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Cecil Horace Murphy (1891–1935)

This article was published:

Cecil Murphy, 1921

Cecil Murphy, 1921

Murphy, Cecil Horace (Cec) (1891-1935) grocer, schoolteacher, estate agent and Labor parliamentarian 

Birth: 1 April 1891 at Sydney, New South Wales, son of native-born parents Michael John Murphy 1859-1924), plumber, of Irish descent, and Catherine Ann, née Clarke (1862-1939, whose father was born in Middlesex, England, and mother in Edinburgh, Scotland. Marriage: 8 August 1925 in a Catholic ceremony at North Sydney to Genevieve Mary Taylor. They had three daughters and one son. Death: 14 September 1935 at Sydney; buried with Anglican rites. Religion: Unitarian. 

  • Member of the Australian Workers’ Union 1908 and Millers' Union 1910;
  • Teacher trainee Hereford House, Sydney, 1912. Worked as a teacher in New Zealand.
  • Was a Grocer at Camperdown, Sydney, in 1915.
  • Had served for nine months in the New Zealand Cadet Force. Enlisted in the Australian Imperial Force on 30 September 1915, when he was described as 5 ft 4 inches in height weighing 113 lbs, with a fresh complexion, blue eyes and dark brown hair and a scar on his left shoulder. Gave his religion as Unitarian. Served in the 18th and 20th Battalions. Embarked for Egypt from Sydney on 23 December 1915, was promoted corporal. Having dislocated his right shoulder, falling from a camel, and diagnosed with epilepsy Private Murphy was discharged, medically unfit, in England on 8 August 1916, and granted a pension.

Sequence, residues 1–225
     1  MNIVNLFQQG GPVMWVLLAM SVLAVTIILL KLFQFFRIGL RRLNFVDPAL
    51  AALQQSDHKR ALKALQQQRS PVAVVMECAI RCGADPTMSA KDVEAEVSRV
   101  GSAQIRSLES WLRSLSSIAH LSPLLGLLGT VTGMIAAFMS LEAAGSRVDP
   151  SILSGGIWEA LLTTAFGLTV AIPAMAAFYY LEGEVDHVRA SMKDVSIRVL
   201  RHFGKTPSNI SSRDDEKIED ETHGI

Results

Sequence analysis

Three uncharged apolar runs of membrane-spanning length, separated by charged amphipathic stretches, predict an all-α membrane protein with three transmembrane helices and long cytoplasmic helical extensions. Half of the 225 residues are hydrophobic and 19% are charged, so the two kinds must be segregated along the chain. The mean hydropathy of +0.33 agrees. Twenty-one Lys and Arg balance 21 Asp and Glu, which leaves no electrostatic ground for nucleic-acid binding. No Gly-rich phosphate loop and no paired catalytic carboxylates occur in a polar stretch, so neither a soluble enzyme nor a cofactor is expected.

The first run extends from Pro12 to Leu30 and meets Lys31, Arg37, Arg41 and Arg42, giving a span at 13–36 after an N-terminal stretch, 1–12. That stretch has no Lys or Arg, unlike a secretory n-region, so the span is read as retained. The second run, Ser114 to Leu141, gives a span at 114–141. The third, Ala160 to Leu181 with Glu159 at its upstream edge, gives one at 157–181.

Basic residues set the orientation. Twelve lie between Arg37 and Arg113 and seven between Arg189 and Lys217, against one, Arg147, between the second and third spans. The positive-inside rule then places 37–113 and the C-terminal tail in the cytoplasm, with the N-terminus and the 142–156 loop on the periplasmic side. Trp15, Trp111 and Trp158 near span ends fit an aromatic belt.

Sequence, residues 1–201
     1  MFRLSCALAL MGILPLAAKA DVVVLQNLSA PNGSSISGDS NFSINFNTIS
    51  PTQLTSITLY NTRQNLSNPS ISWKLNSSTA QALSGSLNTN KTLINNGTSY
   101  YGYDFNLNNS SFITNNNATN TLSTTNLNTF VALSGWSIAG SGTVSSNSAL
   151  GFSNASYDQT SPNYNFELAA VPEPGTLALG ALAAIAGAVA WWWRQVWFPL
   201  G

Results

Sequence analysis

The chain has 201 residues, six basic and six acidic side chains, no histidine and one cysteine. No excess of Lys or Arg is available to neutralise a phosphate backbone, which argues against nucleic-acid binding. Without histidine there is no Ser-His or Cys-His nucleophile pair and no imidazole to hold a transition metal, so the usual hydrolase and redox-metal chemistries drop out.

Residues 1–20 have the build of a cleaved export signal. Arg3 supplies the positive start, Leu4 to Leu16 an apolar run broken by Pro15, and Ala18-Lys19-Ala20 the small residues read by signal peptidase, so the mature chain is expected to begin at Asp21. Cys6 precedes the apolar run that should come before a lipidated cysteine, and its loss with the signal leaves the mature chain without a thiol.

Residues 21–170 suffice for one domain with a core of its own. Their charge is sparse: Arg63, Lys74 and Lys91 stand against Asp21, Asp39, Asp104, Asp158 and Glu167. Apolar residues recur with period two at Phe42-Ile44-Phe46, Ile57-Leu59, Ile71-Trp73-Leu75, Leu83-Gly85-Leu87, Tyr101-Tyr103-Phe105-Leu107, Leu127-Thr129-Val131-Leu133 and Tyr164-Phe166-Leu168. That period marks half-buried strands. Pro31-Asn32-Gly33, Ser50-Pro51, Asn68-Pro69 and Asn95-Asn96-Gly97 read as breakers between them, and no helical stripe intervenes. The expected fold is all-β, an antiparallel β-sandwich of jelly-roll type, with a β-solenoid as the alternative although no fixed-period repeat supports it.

• Active in NSW Returned Soldiers' No-Conscription League 1917, and in 1918-19 president of pro-Labor Returned Soldiers' and Sailors' Political League.
  • Schoolteacher Education Department, Artarmon 1917, Cleveland Street 1917-1920. Student at University of Sydney 1919 or 1920. Later estate agent.
  • Active Returned Servicemen’s League and Young Australia League. President Sons of Australia.
  • Secretary of Bankstown Labor League 1912-1913. Member Central Executive of the Australian Labor Party 1918-1920 and member of Organising Committee 1918-1919. Contested North Sydney (Federal) electorate in 1919.
  • Elected member of the NSW Legislative Assembly for North Shore on 20 March 1920. Known in the house as “the little corporal”. Was caught up in sectarian campaign against Labor parliamentarians in 1925. Seat was abolished on 7 September 1927. Having fallen foul of the Lang regime, he stood as Independent Labor for Rozelle in 1927 and as federal Labor candidate for North Sydney in 1932.
  • Was in financial difficulties in 1935. Cause of death: poisoning by phenobarbitone, (luminal), suicide.

Sources
Heather Radi, Peter Spearritt & Elizabeth Hinton, Biographical Register of the NSW Parliament 1901-1970 (Canberra, 1979); information from Terry King 1991; Australian Worker, 3 April 1919 p 10, 13 November 1919 p 13, 22 November 1919 p 5, 10 November 1926 p 1.

Additional Resources

Citation details

'Murphy, Cecil Horace (1891–1935)', People Australia, National Centre of Biography, Australian National University, https://peopleaustralia.anu.edu.au/biography/murphy-cecil-horace-20407/text42379, accessed 25 June 2024.

© Copyright People Australia, 2012

Cecil Murphy, 1921

Cecil Murphy, 1921

Life Summary [details]

Birth

1 April, 1891
Sydney, New South Wales, Australia

Death

14 September, 1935 (aged 44)
Sydney, New South Wales, Australia

Cause of Death

suicide

Religious Influence

Includes the religion in which subjects were raised, have chosen themselves, attendance at religious schools and/or religious funeral rites; Atheism and Agnosticism have been included.

Occupation
Military Service
Key Organisations
Political Activism
Workplaces